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The "Thes"
Talk to an Angelino, and before long you’ll hear a reference to freeways. They are central to life, and especially travel, in Southern California. As it is with most metropolitan areas, the art of choosing the right route to your destination has become highly refined there. In Los Angeles, this savvy mostly involves choosing among a snarl of high-speed expressways.

What is also different in such discussions in L.A. is that freeways are given a special linguistic status. Interstate 5, for instance, is simply called “5” by the rest of California. South of the San Gabriel Mountains, however, you will hear it called the 5. You will also hear allusions to the 10, the 110, the 134, the 405, and even the 1. Not just the number of the highway is used, then, but the article “the” is also attached to it.

This practice has long troubled me. Perhaps the roots of my agitation can be traced to my slight revulsion at all things L.A. (go Giants), but I think the issue is bigger than that. In one sense, I have come to understand the impulse to tack on that article. It grants to freeways a standing as edifices separate and distinct from their surroundings. It is a prestige they clearly deserve. They connect to city streets as part of a larger transportation system, but they are clearly their own things — like the Golden Gate Bridge, the Eiffel Tower, or the Hanging Gardens of Babylon.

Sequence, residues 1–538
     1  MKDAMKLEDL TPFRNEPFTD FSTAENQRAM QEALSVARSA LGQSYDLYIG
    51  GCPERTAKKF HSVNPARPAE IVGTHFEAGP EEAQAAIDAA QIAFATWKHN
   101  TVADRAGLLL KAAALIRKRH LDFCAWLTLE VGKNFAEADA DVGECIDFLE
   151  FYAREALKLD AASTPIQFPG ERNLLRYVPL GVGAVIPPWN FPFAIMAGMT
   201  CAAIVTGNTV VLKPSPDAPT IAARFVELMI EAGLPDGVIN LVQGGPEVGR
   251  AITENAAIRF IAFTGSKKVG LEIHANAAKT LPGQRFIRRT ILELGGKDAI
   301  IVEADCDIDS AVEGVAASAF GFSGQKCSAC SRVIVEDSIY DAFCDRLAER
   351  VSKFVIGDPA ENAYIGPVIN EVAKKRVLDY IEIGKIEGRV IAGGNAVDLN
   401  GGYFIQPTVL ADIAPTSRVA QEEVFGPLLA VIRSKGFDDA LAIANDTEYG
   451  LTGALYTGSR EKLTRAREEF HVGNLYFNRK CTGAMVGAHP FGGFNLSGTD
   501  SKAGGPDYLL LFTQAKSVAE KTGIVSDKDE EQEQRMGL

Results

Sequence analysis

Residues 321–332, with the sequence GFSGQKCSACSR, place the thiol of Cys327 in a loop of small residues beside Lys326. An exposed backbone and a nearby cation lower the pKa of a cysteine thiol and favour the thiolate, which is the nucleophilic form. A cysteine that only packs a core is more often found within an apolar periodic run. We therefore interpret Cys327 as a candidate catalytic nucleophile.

Still, I am troubled. As I have said, the issue here is bigger than regional naming conventions and petty conflicts between cultures. This is about the language we speak and the triumph of reason over the forces of chaos.

So it is that I must reject the Angelino fashion of adding the to the titles of numbered freeways. Not because it’s an L.A. thing, but because of all the “thes”. There are too many of them. Not just on our freeways, but in our language. It is time we rid ourselves of them.

Thes serve no real purpose in our language. Oh, they may provide a little clarity now and then, but does Golden Gate Bridge really need one? Or Hanging Gardens of Babylon? Or World Champion San Francisco Giants? Their identity as nouns is secure with or without this archaic appendage. Dump them, I say.

The operation will not be painless, I know. There will need to be some exceptions, some nouns that will be out of focus without their linguistic crutches. But such variances should only be granted when they are genuinely needed.

I will continue, certainly, to refer to Los Angeles’ baseball team as Da Bums, if only for the sake of clarity.
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Trump supporters are people who know what they believe.
~ JC, Bonny Doon